In My Backyard


An art-science talk by Kristen Orr and Kate Fleming

This event is co-sponsored by AS IF Center and Toe River Arts and is free of charge.

Artists Kristen Orr and Kate Fleming will be in residence at AS IF Center for two weeks this spring. They will give an art-science talk titled “In My Backyard” at the Arts Resource Center on May 5 from 11am-12pm.

During their residency, Kristen and Kate will be creating a series of prints based on an artistic and scientific research trip they took across North Carolina in May 2017. The artists spent a week visiting seven nature preserves, each within a distinct ecoregion of the state—Roan Mountain, Linville Gorge, Uwharrie National Forest, Weymouth Woods, Green Swamp, Black River, and Carolina Beach State Park. They documented the species, colors, textures, sounds, and smells of each location using a variety of artistic and scientific methods. Using the data they collected on their trip, they are collaborating to create imagery that is representative of each location.

At the talk on May 5 at the ARC, the artists will share stories from their epic road trip across the state and describe how they used artistic and scientific methods to capture the essence of an ecosystem. Their collected visual data, including notes, sketches, paintings, color swatches, pressed plants, soil samples, and field recording will also be on display.






Kristen and Kate are working on their project with scientific guidance from Dr. Peter Weigl, an ecologist at Wake Forest University and from The Nature Conservancy of North Carolina.

Kristen is a multimedia artist and designer from Winston-Salem, NC. She currently works as an exhibit designer for the Museum of Science, Boston and holds a BFA in Industrial Design from the Rhode Island School of Design. Kate is a painter and printmaker based in Arlington, Virginia. She works as an exhibit specialist at the Hirshhorn Museum and Sculpture Garden in Washington, DC and graduated from the College of William and Mary.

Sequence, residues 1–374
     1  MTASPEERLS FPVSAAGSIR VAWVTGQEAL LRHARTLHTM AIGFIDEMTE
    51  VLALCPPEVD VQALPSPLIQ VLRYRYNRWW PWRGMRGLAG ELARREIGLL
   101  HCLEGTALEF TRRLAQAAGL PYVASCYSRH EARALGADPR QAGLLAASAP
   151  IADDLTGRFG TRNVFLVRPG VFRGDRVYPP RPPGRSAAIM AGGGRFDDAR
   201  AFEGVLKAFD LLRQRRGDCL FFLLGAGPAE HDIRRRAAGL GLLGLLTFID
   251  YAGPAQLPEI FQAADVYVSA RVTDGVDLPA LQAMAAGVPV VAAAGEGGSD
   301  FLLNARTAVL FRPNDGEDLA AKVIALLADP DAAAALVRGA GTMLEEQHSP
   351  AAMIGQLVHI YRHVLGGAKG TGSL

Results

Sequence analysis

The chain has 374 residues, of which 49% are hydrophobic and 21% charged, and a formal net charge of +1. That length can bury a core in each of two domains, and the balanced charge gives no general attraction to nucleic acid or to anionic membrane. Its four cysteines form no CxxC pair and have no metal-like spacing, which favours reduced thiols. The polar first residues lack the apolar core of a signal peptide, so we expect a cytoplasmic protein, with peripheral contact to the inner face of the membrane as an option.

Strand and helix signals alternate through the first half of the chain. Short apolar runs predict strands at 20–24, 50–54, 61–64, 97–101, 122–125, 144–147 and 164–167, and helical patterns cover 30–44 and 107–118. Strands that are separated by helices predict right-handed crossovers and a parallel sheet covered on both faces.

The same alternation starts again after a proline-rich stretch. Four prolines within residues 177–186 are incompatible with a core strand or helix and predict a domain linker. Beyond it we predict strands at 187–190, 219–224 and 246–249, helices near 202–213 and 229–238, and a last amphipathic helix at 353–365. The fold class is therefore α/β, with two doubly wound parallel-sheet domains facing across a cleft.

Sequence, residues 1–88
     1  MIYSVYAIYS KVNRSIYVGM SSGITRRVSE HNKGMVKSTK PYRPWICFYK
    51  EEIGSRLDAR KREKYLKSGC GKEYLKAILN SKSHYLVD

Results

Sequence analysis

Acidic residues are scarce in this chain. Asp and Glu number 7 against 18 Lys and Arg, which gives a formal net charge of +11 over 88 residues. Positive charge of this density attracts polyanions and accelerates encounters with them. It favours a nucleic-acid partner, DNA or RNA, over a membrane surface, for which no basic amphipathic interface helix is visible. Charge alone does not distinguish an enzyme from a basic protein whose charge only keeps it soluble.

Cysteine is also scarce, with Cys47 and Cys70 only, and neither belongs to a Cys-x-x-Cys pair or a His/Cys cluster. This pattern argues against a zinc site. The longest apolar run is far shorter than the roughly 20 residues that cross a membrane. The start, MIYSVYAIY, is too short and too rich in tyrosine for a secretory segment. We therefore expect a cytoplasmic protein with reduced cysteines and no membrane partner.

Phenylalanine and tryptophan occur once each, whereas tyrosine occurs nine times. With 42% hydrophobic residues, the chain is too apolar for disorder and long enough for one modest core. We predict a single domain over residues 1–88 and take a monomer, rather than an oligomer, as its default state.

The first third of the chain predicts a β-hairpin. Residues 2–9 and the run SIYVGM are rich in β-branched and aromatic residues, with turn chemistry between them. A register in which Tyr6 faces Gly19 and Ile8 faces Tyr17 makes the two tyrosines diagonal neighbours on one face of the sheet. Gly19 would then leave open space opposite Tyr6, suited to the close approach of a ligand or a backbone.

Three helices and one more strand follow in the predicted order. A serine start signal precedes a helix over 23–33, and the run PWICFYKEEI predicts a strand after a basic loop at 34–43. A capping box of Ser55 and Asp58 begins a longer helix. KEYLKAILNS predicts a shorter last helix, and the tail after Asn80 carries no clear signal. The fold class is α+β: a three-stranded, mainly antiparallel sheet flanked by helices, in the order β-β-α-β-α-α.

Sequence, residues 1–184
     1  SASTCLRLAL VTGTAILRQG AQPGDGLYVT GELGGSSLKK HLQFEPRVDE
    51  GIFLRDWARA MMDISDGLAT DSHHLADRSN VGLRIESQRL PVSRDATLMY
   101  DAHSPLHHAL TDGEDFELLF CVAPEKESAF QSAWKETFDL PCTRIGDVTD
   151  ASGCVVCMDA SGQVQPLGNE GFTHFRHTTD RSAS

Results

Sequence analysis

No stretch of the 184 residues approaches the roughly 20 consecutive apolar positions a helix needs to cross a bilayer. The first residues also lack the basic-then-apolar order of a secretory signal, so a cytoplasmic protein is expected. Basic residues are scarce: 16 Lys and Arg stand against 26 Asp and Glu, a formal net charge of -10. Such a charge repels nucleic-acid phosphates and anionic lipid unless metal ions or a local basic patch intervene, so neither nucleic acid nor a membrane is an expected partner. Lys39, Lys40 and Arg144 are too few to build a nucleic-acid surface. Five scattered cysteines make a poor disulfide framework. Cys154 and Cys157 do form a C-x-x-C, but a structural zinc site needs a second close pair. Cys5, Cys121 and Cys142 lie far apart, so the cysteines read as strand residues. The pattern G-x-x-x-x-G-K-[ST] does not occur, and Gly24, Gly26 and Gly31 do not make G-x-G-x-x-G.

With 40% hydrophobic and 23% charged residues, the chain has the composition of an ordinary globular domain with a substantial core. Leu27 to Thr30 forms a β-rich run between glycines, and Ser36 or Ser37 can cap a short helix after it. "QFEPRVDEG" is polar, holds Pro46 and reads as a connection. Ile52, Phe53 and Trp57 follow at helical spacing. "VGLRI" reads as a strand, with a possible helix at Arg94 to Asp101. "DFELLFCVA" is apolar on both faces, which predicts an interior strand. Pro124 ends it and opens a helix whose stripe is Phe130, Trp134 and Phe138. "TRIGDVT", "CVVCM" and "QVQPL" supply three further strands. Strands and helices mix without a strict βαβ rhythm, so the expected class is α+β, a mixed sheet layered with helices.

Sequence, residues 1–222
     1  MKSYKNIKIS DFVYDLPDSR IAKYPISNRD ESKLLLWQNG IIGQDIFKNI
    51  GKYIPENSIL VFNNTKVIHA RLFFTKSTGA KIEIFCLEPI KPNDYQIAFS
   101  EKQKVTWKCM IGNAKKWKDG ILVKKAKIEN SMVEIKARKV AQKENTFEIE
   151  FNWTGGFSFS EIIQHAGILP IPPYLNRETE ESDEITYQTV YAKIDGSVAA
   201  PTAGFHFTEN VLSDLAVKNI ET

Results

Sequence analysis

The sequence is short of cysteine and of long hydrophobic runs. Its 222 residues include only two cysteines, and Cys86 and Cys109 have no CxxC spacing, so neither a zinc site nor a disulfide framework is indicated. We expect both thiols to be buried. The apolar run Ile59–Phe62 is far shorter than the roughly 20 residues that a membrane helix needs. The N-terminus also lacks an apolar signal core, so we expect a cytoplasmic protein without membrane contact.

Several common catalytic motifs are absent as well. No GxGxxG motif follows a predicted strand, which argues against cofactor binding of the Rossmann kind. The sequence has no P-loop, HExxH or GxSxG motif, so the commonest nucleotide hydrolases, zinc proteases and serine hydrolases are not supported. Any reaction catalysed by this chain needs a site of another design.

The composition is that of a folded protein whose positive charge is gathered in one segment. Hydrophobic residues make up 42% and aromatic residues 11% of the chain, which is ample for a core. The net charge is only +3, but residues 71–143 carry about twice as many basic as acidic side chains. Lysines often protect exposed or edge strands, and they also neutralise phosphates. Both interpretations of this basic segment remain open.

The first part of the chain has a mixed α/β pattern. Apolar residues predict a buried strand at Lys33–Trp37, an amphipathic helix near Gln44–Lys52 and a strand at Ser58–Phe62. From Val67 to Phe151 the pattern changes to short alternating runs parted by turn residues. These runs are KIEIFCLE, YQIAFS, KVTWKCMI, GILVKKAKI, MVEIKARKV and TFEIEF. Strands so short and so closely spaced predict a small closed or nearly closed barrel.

For more information about the May 5 talk, visit the Upcoming Events page.

Weaving Research into Creative Writing: Two Events

Writer Cynthia Reeves is the 2018 “Art of the Climate” resident AS IF Center. Her current writing project is a trilogy of linked novellas entitled The Comfort of Water. All three are set on the Svalbard archipelago, where in June 2017 she shared the Arctic Circle Summer Solstice expedition with 31 other artists. Cynthia is pleased to offer two events, co-sponsored by AS IF Center and Toe River Arts — a workshop on using science in creative writing, and a talk about her adventures in the Arctic and how they have inspired her writing.

Both the workshop and the talk will take place on Saturday, March 17 [NOTE NEW DATE] at the Arts Resource Center at Toe River Arts, 269 Oak Avenue, Spruce Pine, upstairs. Events are free of charge, but participants will need to RSVP to reserve a spot, and will be encouraged (but not required) to make a small donation to AS IF Center and Toe River Arts.

The author writes: “That one can ‘live’ on an ice floe—at least for the time the floe remains intact—is fascinating to me. During our trip, we anchored to an ice floe so that I was able to experience what that would be like, the dangers inherent in it, the way it moves without you noticing.”

WORKSHOP: Making the Leap from Fact to Fiction
Saturday, March 17 10:00am-2:30pm with a break for lunch (try Fox & the Fig or DTs Blue Ridge Java). This workshop will focus on finding inspiration for creative writing in “fact” and incorporating research into fiction. We will address questions such as: How do you write authentically about subjects with which you might be only tangentially familiar? Why do certain subjects–climate change and historical events, for example–intrigue you? How can that fascination be put to use in your writing?

Preparation for the workshop will include completing several reading assignments totalling approximately eight hours. The workshop will consist of an informal lecture as well as a writing exercise that will be completed in class and shared with other participants. Due to time constraints, there will not be an opportunity for Cynthia to read the work of participants beforehand.

Minimum 8 participants / Maximum 12
Workshop registration closes March 10

To apply, write a brief (250-300 word) essay about why you are interested in the workshop, and email to us by March 10.

TALK: Of Ice Floes, Whale Bones, and Abandoned Mines: Close Encounters from the Arctic Circle Summer Solstice Expedition
Saturday, March 17, 4:00pm-5:00pm

This talk will reflect the ways in which travel and research inspire Cynthia’s work. She will share photos and personal experiences from her Arctic Circle residency aboard the schooner Antigua, and will read from her work-in-progress inspired by encounters from that residency. One impetus from her trip that shaped her project were serendipitous comments from her fellow artist-shipmates as they wound down their adventure. They would say: This is our “last landing,” our “last beach,” and “our last glacier.” The idea of there being a “last glacier” jogged something in her mind—tying the idea of climate change and its potential impacts directly to her work. The stunning and otherworldly beauty of the Arctic landscape was also a source of inspiration, especially contemplating what would be lost if that landscape continues to be compromised.